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Thanks for stopping by. My name is Lady Shamrock and I'm a dairy cow - one of around 1.5 million in Britain. I'm a Friesian which means I have a black coat. Friesians are pretty common, but Holstein-Friesians are the most common in Britain.
I've met other types, of course, although they are not as common: Jersey cows (small and beige in colour), Guernseys (brown and white) and Ayrshires (orange to a dark brown).
We're social animals and I have to say we get along pretty well in the herd, although there's usually one who always has to get to the milking parlour first! Bit annoying, but I have plenty of other friends. Apparently the experts have found out that we recognise up to 60 other cows in the herd.
Some people wonder what a typical British dairy farm is like, but there really isn't such a thing. There are around 12,500 farms in Britain so naturally they come in all kinds of shapes and sizes, with farmers using lots of different technology.
That said, I'm like the majority of cows - I graze outdoors during the summer and stay indoors during the winter. Typically I eat grass throughout the year - the fresh kind in the summer when I'm out grazing and the stored variety (silage) in winter. Silage is grass that has been stored to preserve all the goodness for those days when it's too cold for grass to grow. It's good stuff.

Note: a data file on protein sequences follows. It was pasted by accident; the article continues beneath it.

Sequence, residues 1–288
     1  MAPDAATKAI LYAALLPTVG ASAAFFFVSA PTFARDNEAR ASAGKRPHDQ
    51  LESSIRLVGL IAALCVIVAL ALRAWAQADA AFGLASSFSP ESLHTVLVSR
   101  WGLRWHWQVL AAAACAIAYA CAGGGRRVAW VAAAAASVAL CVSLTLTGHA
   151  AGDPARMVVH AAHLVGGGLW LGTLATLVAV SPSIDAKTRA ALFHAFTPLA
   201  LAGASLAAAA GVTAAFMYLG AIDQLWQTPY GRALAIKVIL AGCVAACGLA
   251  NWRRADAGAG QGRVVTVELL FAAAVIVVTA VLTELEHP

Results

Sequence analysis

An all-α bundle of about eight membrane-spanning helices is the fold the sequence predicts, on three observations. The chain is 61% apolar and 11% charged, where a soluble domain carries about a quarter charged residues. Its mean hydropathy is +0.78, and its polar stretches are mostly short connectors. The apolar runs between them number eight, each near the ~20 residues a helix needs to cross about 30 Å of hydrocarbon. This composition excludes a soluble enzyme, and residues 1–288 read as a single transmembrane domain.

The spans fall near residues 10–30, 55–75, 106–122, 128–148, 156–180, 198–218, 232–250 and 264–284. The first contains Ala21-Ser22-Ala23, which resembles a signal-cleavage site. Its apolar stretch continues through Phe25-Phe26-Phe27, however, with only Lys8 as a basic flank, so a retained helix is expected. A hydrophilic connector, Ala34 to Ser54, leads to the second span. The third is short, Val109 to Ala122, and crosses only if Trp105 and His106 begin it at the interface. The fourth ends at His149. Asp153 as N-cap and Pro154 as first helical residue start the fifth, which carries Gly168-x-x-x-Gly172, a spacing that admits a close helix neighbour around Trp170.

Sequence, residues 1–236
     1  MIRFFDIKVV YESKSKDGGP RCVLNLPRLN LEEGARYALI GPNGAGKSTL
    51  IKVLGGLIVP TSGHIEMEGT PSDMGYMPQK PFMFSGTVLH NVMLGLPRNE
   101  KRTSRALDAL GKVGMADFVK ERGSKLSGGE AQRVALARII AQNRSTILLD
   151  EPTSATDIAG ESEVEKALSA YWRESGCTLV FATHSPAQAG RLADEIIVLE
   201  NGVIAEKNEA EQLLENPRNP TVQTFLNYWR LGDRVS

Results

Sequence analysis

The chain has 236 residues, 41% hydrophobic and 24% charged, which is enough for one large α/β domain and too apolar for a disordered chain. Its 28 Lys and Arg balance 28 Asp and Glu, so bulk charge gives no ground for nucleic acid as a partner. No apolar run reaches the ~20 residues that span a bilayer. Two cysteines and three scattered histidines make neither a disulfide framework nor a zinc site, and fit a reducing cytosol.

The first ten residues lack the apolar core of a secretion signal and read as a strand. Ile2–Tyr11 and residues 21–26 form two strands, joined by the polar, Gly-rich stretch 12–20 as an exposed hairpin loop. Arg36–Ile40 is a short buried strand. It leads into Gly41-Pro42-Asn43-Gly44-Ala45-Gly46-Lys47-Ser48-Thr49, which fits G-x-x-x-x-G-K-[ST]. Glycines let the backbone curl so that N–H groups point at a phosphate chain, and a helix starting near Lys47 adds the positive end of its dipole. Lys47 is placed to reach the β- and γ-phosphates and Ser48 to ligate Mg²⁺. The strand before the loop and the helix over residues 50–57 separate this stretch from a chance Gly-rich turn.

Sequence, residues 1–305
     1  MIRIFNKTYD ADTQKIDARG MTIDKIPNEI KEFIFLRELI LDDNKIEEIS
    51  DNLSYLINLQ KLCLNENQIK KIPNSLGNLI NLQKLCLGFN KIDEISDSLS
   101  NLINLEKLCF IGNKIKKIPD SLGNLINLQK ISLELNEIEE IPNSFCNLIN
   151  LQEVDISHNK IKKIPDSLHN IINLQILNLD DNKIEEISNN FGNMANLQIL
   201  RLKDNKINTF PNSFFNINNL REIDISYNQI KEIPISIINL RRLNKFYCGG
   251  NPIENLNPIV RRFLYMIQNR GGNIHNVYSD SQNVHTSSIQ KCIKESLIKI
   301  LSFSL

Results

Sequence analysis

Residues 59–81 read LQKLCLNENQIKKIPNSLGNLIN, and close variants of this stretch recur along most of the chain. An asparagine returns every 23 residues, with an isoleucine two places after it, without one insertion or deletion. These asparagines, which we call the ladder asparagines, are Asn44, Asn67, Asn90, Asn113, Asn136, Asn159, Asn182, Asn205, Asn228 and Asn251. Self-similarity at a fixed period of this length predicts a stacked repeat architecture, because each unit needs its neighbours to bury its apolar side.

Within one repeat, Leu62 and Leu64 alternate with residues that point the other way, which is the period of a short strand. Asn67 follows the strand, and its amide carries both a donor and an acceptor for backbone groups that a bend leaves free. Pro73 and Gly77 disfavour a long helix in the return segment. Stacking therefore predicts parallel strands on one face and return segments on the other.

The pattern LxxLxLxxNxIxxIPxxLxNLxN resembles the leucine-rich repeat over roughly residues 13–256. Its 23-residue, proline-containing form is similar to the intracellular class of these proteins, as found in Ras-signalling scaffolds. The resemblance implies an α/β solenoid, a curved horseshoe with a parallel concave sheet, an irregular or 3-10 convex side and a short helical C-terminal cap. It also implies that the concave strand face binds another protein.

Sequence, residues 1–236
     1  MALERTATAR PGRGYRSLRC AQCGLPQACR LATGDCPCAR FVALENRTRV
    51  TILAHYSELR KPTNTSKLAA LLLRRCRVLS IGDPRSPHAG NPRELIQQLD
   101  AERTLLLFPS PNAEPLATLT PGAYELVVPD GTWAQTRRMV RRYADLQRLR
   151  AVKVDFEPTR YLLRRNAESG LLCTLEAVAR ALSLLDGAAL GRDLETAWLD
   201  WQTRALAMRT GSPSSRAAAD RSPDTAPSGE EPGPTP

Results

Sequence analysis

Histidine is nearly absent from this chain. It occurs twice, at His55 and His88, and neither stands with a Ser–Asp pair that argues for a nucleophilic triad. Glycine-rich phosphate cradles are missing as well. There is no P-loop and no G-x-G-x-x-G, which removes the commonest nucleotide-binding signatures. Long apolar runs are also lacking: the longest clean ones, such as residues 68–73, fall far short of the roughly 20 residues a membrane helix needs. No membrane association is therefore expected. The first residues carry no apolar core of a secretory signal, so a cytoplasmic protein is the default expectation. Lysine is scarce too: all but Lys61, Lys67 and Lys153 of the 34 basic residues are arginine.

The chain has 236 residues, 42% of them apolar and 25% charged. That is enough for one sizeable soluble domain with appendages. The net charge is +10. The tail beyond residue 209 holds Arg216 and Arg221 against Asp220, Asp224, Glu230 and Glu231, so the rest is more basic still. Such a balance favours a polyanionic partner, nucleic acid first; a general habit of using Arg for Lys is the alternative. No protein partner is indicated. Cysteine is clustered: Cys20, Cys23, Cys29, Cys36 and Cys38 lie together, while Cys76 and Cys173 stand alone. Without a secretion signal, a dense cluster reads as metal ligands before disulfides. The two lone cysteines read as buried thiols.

I need a balanced diet, so sometimes a guy with a clipboard will turn up and talk to farmer Jane about things like the ratio of cereals and silage. They come up with a plan for what I need to eat to stay healthy. Can't help feeling a bit like Madonna on those days. The diet is pretty complex but I know it's good to include grass or maize and cereals - and we get special cubes to lick that give us the minerals and vitamins we need.
Apparently some clever scientists have worked out that cows like routines (I could have told them that!) so most days are the same. I start early in the milking parlour. Chances are I'll be going into a herringbone parlour, but on some farms cows will stand on a slowly rotating platform or even milk themselves using robots!
After milking I spend some time with my mates in the barn or outside. I'm a ruminant (fancy word for someone who re-chews food before digesting it) so chances are I'll be tucking into some of that tasty food the nutritionist and farmer put together for me. On some farms there are big brushes for our backs to rub against, so that's also a popular pastime - there's nothing like a good back scratch!
In the afternoon it's time for milking again. And at the end of that we'll have produced around 2,000 litres of milk. Pretty impressive, if I do say so myself!
On some days we have visitors. The vet, foot trimmer or nutritionist might stop by to check that we're all ok and have everything we need. Or we'll meet someone like you, who is interested in finding out a bit more about us. Hope you come again soon.
For more information about dairy farming in Britain, watch the moovies filmed on farms across the country.